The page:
“Transparency and responsiveness can go a long way in winning over customers and the general public,” according to 451 Research. Of course, the opposite is also true. A hacker found 40 zero-day vulnerabilities in Samsung’s Tizen operating system and, over several months, only received automated email responses to his reports. “Only after being contacted by a journalist for comment did Samsung spring to action and get in touch with the researcher.”
Here’s another tip: don’t wait for an embarrassing (or worse) security event to engage with your communications team or create good communications protocols. Do it now so you won’t have to figure it out when you really need it.
3. Document and practice vulnerability handling.
So once a vulnerability is reported, what do you do? How you triage the report, communicate with the public and affected parties, and resolve the issue should all be defined and practiced regularly. There are even ISO standards (27147 and 30111) to help you define your disclosure
process and vulnerability handling process.
Basically, it’s just defining how the process works and writing it down. According to 451 Research’s finding, “having a clear, common set of rules and expectations that is easy to locate is critical.”
4. Select your Bug Bounty Platform partner.
Using an external bug bounty platform provider will help “reduce the burden of triage and response to reported bugs and give companies the necessary tools to automate many of the steps in vulnerability disclosure and handling,” according to 451 Research. As with any solution, they recommend organizations consider several key elements when choosing a provider:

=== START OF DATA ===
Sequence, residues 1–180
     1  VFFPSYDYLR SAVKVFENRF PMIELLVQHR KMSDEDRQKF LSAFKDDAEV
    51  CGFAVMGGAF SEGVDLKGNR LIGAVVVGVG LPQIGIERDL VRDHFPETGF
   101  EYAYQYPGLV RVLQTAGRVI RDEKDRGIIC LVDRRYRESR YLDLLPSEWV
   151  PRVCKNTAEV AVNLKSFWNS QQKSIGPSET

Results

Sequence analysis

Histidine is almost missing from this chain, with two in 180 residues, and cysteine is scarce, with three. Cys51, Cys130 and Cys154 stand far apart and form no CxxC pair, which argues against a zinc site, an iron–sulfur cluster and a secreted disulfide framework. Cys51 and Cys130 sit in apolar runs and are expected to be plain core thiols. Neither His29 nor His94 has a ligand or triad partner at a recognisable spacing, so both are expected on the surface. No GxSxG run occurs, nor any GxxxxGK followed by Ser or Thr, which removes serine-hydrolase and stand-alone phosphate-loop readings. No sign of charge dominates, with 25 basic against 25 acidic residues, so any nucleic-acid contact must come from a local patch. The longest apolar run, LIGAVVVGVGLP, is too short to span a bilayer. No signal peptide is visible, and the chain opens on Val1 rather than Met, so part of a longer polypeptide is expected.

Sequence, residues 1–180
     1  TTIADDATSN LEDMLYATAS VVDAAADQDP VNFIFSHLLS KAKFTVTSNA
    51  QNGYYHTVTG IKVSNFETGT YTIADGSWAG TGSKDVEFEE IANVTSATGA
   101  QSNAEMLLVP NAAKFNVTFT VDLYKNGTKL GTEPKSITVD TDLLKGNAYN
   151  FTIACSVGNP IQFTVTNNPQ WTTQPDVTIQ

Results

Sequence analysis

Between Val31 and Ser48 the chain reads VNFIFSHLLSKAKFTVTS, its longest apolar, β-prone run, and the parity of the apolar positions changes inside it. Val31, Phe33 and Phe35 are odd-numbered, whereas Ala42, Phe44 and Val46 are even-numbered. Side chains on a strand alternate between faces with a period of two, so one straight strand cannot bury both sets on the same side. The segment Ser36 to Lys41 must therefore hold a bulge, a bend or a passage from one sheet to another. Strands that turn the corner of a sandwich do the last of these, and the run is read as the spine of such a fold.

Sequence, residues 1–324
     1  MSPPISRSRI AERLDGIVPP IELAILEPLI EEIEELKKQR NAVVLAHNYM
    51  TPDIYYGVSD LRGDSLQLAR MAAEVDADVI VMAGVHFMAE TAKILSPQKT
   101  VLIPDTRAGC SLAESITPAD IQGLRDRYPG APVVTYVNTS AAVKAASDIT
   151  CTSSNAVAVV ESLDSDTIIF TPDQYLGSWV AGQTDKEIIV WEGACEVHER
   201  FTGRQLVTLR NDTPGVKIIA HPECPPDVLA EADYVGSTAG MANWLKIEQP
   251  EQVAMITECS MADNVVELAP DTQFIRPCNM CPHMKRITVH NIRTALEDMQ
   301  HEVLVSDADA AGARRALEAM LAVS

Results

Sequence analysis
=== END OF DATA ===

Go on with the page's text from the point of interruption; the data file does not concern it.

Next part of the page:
Disclosure assistance and community support.
Access to the pool of available talent.
Features native to the management platform.
Integration with existing workflows.
Capabilities for automation and orchestration.
In the report, 451 Research goes deeply into the nuances of each point, including an additional overview of important metrics to evaluate bug bounty success. According to their findings, important bug bounty metrics include mean time to first vulnerability discovered, mean response time, total reports submitted, percentage of duplicate reports and total payout.
5 & 6. Start with a conservative private bounty program. Then launch a public bounty.
Yeah, those are two steps jammed into one, but once you get your feet wet with a private program, the evolution to a public program is much easier.
With a private program, you’re inviting a small number of hackers and giving them exclusive (and guided) access to your systems. You get more control, get to iron out the kinks in your internal processes, and as 451 Research suggests, you “have the luxury of finding and fixing the most serious flaws before production release, and with no one the wiser.”
A public bounty, on the other hand, adds not only more and more diverse hackers, it provides positive marketing and communications benefits. “(A public program) conveys a certain confidence and determination to improve quality and security that will likely attract customers.”